Subaru Outback Forums banner

1 - 19 of 19 Posts

·
Registered
Joined
·
27 Posts
Discussion Starter #1
Anyone installed one of these on a 5th Gen? I did a search and I couldn't find any posts about it.

If you have, how do you like it? What noticeable changes, if any, did you pick up on?
 

·
Registered
18 Outback 3.6r Touring
Joined
·
489 Posts
If that’s all your doing, save your money. It takes mores then a lightweight pulley to notice any improvement. And usually that will be after you’ve done MANY other mods to see any effect. Or is it affect?
 

·
Registered
Joined
·
27 Posts
Discussion Starter #3
If that’s all your doing, save your money. It takes mores then a lightweight pulley to notice any improvement. And usually that will be after you’ve done MANY other mods to see any effect. Or is it affect?
Im planning to get some Method Racing 503's also. They're 8lbs lighter than the factory wheels. I'm trying to reduce unsprung weight and rotational mass. I figure anything that reduces how hard the engine and drivetrain have to work is a plus. I'm not trying to turn an outback into a wrx, I just want to reduce weight to cut down on wear and tear.
 

·
Registered
Joined
·
27 Posts
Discussion Starter #5
Your best bang for the buck would be to reduce your own weight first, ( and I'm not saying that to be insulting - we all have a few pounds to lose, I could shed 20 or 30)
Ok. Thanks for the advice...
 

·
Registered
2018 3.6R Limited
Joined
·
121 Posts
Your best bang for the buck would be to reduce your own weight first, ( and I'm not saying that to be insulting - we all have a few pounds to lose, I could shed 20 or 30)
LOL! I resemble that remark.
Makes sense though.
 

·
Registered
2010 2.5 CVT Premium
Joined
·
1,007 Posts
Your best bang for the buck would be to reduce your own weight first, ( and I'm not saying that to be insulting - we all have a few pounds to lose, I could shed 20 or 30)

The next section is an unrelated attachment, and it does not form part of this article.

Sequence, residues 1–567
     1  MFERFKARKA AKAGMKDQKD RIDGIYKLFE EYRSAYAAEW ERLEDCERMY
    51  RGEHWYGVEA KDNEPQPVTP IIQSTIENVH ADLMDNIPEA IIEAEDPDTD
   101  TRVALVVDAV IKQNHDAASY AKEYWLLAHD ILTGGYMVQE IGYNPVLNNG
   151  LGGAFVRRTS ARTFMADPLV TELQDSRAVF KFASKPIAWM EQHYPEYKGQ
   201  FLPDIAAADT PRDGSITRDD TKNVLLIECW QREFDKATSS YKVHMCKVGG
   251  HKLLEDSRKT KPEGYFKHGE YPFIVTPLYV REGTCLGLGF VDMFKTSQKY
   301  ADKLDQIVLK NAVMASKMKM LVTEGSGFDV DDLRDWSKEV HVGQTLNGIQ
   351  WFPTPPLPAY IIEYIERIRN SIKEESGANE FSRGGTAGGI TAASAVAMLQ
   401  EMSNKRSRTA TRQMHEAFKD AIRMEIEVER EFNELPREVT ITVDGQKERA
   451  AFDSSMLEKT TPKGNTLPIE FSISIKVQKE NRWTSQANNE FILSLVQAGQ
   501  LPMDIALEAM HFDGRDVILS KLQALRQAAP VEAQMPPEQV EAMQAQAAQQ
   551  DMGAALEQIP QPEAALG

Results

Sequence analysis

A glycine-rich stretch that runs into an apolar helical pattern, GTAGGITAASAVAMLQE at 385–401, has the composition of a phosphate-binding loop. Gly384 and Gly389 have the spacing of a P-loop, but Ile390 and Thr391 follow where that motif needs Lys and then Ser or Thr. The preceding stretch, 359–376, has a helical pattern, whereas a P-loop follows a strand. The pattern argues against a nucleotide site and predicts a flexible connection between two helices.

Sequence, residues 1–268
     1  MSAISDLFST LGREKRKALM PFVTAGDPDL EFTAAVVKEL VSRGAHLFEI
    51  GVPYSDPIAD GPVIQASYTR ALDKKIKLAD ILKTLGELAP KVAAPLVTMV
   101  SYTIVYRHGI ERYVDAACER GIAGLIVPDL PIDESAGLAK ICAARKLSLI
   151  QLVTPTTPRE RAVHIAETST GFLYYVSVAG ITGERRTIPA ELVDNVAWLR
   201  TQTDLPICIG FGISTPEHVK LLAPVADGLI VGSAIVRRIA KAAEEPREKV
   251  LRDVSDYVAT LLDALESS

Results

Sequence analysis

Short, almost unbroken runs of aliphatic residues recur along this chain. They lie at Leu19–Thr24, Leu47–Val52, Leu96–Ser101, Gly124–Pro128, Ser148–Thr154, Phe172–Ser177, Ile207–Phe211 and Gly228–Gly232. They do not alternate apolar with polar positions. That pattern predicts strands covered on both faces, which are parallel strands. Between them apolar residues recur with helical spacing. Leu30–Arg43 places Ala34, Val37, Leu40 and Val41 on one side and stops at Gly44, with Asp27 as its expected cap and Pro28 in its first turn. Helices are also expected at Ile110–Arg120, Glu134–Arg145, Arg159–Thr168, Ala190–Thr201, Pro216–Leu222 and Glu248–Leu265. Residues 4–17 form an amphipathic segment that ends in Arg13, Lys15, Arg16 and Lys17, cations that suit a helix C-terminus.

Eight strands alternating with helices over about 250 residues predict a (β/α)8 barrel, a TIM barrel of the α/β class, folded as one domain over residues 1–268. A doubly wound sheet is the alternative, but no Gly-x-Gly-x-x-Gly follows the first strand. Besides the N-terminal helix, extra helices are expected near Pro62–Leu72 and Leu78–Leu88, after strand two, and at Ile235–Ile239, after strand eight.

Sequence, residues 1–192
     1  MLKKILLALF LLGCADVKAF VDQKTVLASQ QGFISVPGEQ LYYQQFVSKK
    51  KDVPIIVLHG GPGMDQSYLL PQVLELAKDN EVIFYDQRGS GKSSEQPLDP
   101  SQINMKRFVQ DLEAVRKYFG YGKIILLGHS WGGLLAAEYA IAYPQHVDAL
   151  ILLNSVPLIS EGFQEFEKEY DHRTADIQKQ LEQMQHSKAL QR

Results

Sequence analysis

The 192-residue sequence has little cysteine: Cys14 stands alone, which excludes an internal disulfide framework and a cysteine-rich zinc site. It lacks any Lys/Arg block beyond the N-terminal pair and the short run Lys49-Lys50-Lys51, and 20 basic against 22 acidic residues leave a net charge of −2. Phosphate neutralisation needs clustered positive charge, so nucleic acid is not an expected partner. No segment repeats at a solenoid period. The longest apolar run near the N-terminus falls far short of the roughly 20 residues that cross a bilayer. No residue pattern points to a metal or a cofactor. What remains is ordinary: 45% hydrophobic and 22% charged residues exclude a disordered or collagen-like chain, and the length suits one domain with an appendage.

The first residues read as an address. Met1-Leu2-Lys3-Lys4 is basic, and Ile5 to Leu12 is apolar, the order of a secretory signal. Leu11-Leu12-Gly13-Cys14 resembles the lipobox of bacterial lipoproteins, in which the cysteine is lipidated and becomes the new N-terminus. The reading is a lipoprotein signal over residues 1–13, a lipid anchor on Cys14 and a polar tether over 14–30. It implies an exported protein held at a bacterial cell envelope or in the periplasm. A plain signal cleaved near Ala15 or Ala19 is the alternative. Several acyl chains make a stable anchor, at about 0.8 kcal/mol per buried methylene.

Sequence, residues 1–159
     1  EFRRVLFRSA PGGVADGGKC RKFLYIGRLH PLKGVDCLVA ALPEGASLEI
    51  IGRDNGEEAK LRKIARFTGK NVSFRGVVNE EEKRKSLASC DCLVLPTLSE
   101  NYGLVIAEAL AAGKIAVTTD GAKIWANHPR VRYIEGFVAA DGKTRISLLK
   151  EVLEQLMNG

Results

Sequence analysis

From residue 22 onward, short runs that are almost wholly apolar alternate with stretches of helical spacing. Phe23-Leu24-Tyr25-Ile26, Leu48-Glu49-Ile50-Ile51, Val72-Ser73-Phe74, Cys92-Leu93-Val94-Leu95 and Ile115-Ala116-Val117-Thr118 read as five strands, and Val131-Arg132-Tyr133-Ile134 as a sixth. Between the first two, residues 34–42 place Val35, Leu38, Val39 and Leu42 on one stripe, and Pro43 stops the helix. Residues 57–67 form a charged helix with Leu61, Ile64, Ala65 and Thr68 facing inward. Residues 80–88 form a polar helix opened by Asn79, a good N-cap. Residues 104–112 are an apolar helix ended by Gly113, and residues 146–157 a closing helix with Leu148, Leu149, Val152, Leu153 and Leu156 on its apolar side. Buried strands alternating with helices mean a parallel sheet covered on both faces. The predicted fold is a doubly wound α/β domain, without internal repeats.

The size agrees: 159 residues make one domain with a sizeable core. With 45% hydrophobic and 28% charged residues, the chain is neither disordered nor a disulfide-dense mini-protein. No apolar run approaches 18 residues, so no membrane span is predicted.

Not necessarily.
Rotating mass of the tires and wheels is roughly a 3:1 ratio vs weight reduction of fixed mass for accelerating the vehicle.
So dropping 8# per corner is equivalent to dropping almost 100# out of the car. I remember a rule-of-thumb that 150# (?) is about a 0.1 second acceleration change.
Be careful about adding tire weight after going to lightweight rims though. Added tire mass at the outer diameter is more inertia to spin up than mass at the wheel.

And losing weight from oneself is almost always a good idea.
 

·
Registered
2019 Limited 2.5
Joined
·
216 Posts
Not necessarily.
Rotating mass of the tires and wheels is roughly a 3:1 ratio vs weight reduction of fixed mass for accelerating the vehicle.
So dropping 8# per corner is equivalent to dropping almost 100# out of the car. I remember a rule-of-thumb that 150# (?) is about a 0.1 second acceleration change.
Be careful about adding tire weight after going to lightweight rims though. Added tire mass at the outer diameter is more inertia to spin up than mass at the wheel.

And losing weight from oneself is almost always a good idea.
I assume you are talking about a 3:1 ratio of impact of rotating mass versus static sprung mass on straight line acceleration. Getting fancy are we? Well you could also leave your wife behind and save another 100 lbs.
 

·
Registered
Joined
·
27 Posts
Discussion Starter #10
its an outback not a wrx. save your coin
I know it's not a wrx. I'm not trying to 'make it faster'. I just want to get some Geolandar G015's aaannd Im trying to offset the increased weight so the car drives the same after I put the heavier new tires on. Is that a thing that works? Or am I wasting my time?
 

·
Premium Member
Joined
·
41 Posts
I just bought one for my 98 LOB. Because the stock oem one is starting to ware out, and cut into my timing cover a bit. So instead of going oe subaru i decided to get an aftermarket one to just reduce the rotating mass and because it was cheaper that oe.
 

·
Registered
18 Outback 3.6r Touring
Joined
·
489 Posts
I know it's not a wrx. I'm not trying to 'make it faster'. I just want to get some Geolandar G015's aaannd Im trying to offset the increased weight so the car drives the same after I put the heavier new tires on. Is that a thing that works? Or am I wasting my time?
The latter, wasting your time. I got the G015s two years ago on a set of stock 17” wheels. Also, upsized to 235/65-17. Besides handling and ride I haven’t noticed any difference. My opinion, you should just get your MR502s throw the G015s on it and see you like it before doing anything else. Then check back and let us know.
 

·
Registered
Joined
·
27 Posts
Discussion Starter #13
Not necessarily.